On March 1, 2004, Cardiff was granted Fairtrade City status.

Culture, media, sport and tourism
The city has a professional football team, Cardiff City F.C., nicknamed “The Bluebirds”. There is also the world-famous Cardiff RFC or Cardiff Blues rugby union team, and the Cardiff Devils Ice Hockey team. The city also features an international sporting venue, the Millennium Stadium. Cardiff hosted the 1958 British Empire and Commonwealth Games. The Wales Empire Swimming Pool was demolished to make way for the Millennium Stadium, and eventually, a 50 metre replacement pool will be built in Cardiff Bay.

Cardiff is home to Cardiff Castle, the National Assembly for Wales, St. David’s Hall, the National Museum and Gallery, and Cathays Park (including municipal buildings modelled on those in New Delhi), and the Cardiff Metropolitan Cathedral. The Welsh National Opera moved into the Wales Millennium Centre in November 2004.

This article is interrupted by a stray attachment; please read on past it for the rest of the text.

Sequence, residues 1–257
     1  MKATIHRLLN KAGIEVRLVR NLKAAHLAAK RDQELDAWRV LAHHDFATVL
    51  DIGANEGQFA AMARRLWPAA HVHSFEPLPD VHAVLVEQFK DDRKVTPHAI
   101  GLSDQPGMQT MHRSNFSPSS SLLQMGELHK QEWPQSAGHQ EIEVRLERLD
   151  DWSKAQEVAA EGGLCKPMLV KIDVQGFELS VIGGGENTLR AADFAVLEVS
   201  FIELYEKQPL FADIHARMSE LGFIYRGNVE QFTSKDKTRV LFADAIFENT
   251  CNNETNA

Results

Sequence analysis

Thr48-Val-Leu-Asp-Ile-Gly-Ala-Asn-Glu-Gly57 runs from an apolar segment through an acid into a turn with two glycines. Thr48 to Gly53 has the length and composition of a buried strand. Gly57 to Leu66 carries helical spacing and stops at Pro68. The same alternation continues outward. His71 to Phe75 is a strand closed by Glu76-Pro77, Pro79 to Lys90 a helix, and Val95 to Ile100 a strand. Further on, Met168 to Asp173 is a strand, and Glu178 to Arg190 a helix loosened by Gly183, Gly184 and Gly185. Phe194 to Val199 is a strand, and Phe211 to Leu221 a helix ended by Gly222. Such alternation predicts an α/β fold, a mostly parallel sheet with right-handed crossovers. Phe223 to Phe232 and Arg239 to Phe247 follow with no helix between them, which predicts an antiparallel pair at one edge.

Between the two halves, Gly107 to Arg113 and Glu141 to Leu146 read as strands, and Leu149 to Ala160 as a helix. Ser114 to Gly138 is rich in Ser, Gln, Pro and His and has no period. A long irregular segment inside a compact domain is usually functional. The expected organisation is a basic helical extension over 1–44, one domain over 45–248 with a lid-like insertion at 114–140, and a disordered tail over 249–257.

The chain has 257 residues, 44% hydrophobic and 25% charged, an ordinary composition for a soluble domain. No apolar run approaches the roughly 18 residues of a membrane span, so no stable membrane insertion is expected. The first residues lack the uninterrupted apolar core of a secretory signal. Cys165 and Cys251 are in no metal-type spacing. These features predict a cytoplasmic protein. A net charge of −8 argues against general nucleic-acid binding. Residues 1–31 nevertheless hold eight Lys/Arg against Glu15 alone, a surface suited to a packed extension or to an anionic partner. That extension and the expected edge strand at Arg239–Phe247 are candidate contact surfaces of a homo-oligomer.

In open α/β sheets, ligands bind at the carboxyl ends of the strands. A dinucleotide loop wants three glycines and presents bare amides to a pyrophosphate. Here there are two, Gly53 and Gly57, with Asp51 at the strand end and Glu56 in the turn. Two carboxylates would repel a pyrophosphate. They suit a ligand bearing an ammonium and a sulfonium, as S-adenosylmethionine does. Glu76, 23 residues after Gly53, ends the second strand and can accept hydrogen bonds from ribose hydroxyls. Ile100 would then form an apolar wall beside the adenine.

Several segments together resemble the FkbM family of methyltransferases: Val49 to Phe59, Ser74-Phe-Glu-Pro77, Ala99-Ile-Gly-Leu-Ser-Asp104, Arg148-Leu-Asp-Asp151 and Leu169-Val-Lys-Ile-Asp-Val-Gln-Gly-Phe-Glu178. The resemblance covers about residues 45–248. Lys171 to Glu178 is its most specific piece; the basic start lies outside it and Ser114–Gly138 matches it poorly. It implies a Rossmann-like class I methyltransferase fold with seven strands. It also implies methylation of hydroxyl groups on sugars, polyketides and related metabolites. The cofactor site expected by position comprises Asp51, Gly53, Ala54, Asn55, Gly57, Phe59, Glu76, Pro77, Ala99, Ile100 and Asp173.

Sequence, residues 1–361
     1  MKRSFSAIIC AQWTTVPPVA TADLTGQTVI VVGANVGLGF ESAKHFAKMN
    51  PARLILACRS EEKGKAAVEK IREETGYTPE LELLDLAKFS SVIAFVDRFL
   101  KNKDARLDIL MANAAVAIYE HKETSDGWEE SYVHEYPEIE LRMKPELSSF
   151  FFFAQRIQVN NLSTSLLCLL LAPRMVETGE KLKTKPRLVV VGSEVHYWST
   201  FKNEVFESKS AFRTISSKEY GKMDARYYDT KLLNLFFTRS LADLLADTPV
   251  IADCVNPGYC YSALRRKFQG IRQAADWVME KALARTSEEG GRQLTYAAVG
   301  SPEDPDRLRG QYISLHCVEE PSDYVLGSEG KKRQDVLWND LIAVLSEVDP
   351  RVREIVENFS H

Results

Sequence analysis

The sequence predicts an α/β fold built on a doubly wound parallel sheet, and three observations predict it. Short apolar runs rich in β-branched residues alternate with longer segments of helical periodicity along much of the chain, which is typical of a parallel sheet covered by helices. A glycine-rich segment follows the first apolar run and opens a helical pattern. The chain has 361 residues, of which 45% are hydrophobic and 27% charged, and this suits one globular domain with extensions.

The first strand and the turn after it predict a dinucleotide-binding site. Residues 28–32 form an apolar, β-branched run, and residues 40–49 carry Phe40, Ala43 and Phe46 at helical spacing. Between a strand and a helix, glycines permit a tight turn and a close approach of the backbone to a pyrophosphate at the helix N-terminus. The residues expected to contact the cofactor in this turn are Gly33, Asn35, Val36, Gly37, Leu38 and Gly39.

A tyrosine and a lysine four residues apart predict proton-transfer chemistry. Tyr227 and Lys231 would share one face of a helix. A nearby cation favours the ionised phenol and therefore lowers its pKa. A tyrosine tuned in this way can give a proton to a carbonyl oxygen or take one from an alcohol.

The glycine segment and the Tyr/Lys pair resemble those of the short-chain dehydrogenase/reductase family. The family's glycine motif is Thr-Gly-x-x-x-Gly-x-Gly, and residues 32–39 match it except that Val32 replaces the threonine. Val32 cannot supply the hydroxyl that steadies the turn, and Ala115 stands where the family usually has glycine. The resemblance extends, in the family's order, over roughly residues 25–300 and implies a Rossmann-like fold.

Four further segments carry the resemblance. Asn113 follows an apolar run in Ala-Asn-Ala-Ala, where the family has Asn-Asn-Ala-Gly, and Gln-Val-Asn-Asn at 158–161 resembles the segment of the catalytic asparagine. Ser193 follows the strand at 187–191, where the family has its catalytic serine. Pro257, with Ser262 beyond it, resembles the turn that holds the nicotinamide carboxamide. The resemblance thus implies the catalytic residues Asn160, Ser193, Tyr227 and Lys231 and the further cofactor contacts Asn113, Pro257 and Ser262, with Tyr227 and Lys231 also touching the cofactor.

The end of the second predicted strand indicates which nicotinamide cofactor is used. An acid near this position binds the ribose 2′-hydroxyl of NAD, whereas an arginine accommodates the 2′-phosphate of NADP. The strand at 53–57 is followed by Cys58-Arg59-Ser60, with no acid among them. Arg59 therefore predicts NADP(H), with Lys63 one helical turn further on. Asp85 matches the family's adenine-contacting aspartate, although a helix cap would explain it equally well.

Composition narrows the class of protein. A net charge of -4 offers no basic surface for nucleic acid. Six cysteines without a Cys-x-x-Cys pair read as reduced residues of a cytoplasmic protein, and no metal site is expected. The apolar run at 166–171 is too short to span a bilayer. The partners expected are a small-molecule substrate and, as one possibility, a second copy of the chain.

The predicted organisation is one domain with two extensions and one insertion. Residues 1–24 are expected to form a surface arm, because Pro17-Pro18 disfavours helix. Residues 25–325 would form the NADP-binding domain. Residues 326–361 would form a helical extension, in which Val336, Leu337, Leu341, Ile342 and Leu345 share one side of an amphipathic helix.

Cardiff’s centre is a particularly green one with Bute Park, formally the castle grounds, extending northwards from the top of the Cardiff’s main shopping street (Queen Street); when combined with the adjacent Llandaff Fields to the northwest it produces a massive open space skirting the River Taff. The popular name of Taffy, for the Welshman abroad has its origins in the name of the river. Other popular parks include Roath Park in the north, donated to the city by the 3rd Marquess of Bute in 1887 and which includes a very popular boating lake; Victoria Park, Cardiff’s first official park; and Thompson’s Park, formerly home to an aviary removed in the 1970s.

It is possible to cycle from Cardiff to Brecon almost completely off road on the Taff Trail, a cycle route which follows the River Taff and many of the old disused railways of the Glamorganshire valleys.

Cardiff has also been repeatedly mentioned in the BBC TV show Doctor Who, written by Russell T Davis where it was often filmed. The mentions are a bit tongue-in-cheek, of the “Where are we? It’s not Cardiff again is it?” variety.

Cardiff hosted the National Eisteddfod in 1883, 1899, 1938, 1960 and 1978.

Cardiff Philatelic Society is the oldest Philatelic Society in Wales. It was formed in 1899.